Before the high temperature/infection fiasco and just when you thought it was safe to get back in the water, my third weekly chemo was called off because I failed my blood test even though I am a swot and I HAVE NEVER FAILED A TEST IN MY LIFE. To be honest, it didn’t come as much of a surprise because I’d been feeling completely whacked since starting the Carbo/Taxol regime a couple of weeks ago. Anyway, the blood results showed elevated ALP levels – possibly indicating that my liver is not coping particularly well with new chemo drugs. Huzzah…..

We’ve done a new set of bloods this morning to see what’s what now I’ve had a week or so away from the chemo and I’m meeting with the oncologist tomorrow to discuss the plan of action. It may well be that the high ALP levels last week were a bit of an outlier and that everything is fine, or we may need to reduce the dose, or perhaps even rethink the treatment plan altogether. I’m hoping for one of the first two, not least because when it comes to triple negative breast cancer, the EC/Carbo/Taxol combination really is gold standard. In other areas of the country there are women with triple negative diagnoses fighting like lionesses to get access to this particular combination of drugs, so it doesn’t feel like something I want to give up on lightly. That said, liver failure doesn’t sound like much fun to me, so we’ll wait and see what the experts have got to say.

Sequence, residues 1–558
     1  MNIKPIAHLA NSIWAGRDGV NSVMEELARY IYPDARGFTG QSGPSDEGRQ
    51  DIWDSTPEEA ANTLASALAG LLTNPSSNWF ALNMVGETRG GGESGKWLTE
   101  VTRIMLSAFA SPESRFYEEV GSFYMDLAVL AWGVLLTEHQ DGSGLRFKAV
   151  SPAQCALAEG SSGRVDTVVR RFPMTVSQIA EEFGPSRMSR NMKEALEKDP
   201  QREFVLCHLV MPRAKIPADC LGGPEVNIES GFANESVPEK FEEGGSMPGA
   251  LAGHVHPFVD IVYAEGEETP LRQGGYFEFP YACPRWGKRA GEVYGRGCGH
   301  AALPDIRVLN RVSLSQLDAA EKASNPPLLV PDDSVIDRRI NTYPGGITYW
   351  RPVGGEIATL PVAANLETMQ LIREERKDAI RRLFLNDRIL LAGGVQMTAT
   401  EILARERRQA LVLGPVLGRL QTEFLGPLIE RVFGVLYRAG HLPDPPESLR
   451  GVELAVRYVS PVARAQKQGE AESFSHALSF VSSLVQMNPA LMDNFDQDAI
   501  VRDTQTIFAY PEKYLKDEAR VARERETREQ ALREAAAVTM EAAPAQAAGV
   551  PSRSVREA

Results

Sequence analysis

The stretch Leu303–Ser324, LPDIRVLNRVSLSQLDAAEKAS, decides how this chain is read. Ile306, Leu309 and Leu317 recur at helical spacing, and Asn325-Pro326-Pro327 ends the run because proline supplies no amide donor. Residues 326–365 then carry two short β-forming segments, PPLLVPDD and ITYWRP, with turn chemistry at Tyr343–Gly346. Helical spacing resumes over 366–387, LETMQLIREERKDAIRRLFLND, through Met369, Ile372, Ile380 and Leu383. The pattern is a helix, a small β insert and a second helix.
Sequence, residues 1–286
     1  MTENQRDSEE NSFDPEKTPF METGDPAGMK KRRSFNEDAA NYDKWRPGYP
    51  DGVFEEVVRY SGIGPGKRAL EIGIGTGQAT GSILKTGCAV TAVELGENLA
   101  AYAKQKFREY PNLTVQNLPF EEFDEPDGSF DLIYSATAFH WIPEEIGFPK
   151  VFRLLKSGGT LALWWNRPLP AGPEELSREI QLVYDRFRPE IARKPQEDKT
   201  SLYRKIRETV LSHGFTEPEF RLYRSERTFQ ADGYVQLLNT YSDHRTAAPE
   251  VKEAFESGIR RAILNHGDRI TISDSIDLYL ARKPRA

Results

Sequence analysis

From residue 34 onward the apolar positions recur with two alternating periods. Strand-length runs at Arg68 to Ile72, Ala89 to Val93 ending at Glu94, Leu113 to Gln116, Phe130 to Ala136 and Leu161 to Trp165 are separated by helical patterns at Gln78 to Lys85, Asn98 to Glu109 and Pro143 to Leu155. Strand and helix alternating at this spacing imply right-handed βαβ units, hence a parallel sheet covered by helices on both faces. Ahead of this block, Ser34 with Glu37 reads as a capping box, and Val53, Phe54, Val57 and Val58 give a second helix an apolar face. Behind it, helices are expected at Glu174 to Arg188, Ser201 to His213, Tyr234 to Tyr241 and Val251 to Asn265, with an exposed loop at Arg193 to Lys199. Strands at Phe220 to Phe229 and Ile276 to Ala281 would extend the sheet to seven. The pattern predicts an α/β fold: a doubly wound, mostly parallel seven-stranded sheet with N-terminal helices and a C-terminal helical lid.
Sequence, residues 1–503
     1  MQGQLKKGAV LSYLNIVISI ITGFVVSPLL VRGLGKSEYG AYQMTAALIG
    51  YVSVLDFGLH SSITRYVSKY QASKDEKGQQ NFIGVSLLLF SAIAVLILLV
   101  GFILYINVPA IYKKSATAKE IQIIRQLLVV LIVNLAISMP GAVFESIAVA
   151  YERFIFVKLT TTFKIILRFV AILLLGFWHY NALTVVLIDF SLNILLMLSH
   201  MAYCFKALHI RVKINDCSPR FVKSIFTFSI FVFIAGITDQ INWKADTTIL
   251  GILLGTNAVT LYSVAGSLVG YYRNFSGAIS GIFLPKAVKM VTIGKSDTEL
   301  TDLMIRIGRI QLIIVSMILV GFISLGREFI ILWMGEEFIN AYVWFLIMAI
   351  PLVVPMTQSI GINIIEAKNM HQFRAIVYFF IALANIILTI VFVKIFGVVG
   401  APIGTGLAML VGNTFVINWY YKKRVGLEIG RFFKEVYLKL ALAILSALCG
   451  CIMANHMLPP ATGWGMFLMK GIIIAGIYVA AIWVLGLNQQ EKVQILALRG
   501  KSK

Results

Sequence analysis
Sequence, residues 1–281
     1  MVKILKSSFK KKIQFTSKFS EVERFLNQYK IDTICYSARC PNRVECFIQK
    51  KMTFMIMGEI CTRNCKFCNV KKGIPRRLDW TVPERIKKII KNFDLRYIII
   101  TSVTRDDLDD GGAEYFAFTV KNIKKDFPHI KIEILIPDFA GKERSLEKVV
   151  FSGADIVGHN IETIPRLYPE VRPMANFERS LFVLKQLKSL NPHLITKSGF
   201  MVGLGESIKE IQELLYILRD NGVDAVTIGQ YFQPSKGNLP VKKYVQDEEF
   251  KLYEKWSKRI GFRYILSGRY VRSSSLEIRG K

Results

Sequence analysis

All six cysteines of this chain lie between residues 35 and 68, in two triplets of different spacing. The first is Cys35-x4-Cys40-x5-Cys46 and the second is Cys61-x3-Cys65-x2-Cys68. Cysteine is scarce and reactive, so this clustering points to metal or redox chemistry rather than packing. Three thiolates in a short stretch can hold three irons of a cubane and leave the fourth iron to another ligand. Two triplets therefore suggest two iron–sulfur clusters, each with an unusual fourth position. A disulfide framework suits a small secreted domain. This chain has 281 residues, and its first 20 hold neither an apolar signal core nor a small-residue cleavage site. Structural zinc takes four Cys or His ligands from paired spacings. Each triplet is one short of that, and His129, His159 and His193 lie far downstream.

Take a break

All things considered I’m in pretty good spirits so there’s no need to panic about that. The doomy gloomies that were starting to gather a couple of weeks ago seem to have blown over and all is calm and easy going here in WeeGee land again. I’ve taken a couple of days out of work to get myself fully better and to keep hold of the sense of perspective that has settled around me. I love my job, and i need to feel as useful as I can during my treatment – but my job can be taxing and stressful at times. The thing is, being an awesome Information Governance Manager can’t be my number one priority right now because that spot is already occupied by taking good care of myself and being as well as I possibly can be. I’m lucky, I have an amazing employer and even more amazing line manager – I have the luxury of being able to take my foot off the gas every once in a while and right now, I think I’m due a bit of a break.